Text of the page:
I don’t know what type of Kool-Aid eugenists are drinking, but I never want to find it at *my* grocer thankyouverymuch.

Do doctors have a standard definition of ‘severely disabled?’ No. Can we guess at time of birth what technological or treatment advances could come down the pike and improve this child’s quality of life, and give them more ways than can be seen in utero or at birth to integrate into society, learn, maybe get a job maybe get married?  No, not for every severely disabled child.

Some will move up on the function scale and a parent simply won’t be able to know early on whether they will improve.
I don’t know (she said snarkily) maybe they should be given a chance to progress…

As for being incapable, of course nobody likes deficits of physical function, or worse the more shameful physical and social limiting that is handed down to the impaired person from outside themselves, from society itself…  It’s not my favorite toy, let me tell you. But, adaptability and eventual acceptance of the “new normal,” can and does mitigate some of this.

Some cognitive changes can also be adapted to, for varying spans of time.  Compassionate care, and good advocacy, caregiving, respite care (meaning giving the main caregiver needed breaks now and then) and good doctoring can help both the patient and those who care for them.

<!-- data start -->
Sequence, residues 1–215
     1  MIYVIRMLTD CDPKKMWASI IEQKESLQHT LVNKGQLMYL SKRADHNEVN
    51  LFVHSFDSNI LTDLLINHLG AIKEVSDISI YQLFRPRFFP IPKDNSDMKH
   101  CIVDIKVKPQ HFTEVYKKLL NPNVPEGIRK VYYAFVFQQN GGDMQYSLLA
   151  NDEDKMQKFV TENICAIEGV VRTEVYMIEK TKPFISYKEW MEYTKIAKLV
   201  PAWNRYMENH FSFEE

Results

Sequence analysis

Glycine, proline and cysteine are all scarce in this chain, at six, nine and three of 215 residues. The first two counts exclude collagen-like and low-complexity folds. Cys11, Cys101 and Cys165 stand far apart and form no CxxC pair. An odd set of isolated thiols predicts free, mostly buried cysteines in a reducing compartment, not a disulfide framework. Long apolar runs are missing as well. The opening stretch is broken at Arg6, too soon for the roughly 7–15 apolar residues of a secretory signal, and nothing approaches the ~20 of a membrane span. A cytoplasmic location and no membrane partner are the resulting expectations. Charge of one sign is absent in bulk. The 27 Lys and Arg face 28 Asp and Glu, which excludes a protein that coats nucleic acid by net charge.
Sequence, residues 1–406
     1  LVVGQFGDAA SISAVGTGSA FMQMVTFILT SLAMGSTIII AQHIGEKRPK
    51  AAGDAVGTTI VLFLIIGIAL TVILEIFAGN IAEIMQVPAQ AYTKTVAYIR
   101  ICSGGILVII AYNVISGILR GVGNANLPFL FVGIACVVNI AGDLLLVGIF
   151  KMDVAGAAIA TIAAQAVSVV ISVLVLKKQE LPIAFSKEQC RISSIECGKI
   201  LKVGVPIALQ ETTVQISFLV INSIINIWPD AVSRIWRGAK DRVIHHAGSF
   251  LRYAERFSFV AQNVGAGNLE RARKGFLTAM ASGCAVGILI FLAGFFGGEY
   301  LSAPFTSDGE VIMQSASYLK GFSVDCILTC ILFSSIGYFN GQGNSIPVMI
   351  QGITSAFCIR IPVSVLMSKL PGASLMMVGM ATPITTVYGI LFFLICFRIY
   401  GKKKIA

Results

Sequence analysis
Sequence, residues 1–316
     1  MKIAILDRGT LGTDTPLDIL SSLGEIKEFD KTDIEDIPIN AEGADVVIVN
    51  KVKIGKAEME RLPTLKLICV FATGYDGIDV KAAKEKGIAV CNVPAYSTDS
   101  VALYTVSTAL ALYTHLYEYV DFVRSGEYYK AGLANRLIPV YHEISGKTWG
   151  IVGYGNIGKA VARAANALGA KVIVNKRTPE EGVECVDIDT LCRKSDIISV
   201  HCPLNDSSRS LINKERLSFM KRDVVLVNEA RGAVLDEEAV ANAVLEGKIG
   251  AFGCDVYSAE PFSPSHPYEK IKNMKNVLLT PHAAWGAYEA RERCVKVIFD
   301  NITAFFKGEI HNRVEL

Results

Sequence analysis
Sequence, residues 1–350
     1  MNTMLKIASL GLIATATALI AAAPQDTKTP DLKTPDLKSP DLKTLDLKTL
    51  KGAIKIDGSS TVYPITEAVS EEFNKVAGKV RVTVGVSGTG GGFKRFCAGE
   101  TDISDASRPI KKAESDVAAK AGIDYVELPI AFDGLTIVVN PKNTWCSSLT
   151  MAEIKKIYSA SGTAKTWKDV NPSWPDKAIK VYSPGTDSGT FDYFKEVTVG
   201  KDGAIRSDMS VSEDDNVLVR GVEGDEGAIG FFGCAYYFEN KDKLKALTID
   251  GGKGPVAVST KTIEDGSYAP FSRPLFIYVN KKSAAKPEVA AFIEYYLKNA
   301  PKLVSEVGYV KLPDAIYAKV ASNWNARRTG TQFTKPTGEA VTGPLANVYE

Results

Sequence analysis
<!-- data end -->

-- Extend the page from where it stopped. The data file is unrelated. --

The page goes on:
This disturbing utilitarian streak by people like this, and Peter Singer, the if you’re disabled, watch out, we may not let you take your first breath argument It’s not just ignorance…It’s this bizarre, dangerous quirk in some people and as much as I dislike and would mouth off at these people, I’m also just shaking my head and want to ask them, “Where in the **** are you getting this? Mars?

I think examining what living with a disability means over an entire span of life would be a good use of Ms. Ironsides time.



  1. bridgett said,

    Chloe had her first righteous brush with Peter Singer’s “off the disabled for the good of us all” argument in an article about animal intelligence that touched on the “consciousness” debate. When an eleven-year-old can make ethical mincemeat of his position — “what about genetic diversity, Mom? Has he really thought about the power you’d have to give a government to make those kind of decisions and what it would do to individual freedom? Does he consider the socially beneficial effects of caring for others who may need assistance? How about the internal (I think she meant subjective or intrinsic, but she doesn’t know those word) worth of a person’s experience to themselves? And why is he so sure he knows about what’s conscious and what’s not?”

    It was pretty fearsome to watch her go. Raise them to think and damned if they don’t.

    • imfunny2 said,

      Um wow. Thank Chloe for me next time you talk (which of course must be a gazillion times in a single day.

  2. Andrew C said,

    Watch Joni Eareckson Tada on PBS Recently diagnosed with breast cancer. Joni is one of longest living quadriplegics, best-selling author, acclaimed artist and advocate for people with disabilities.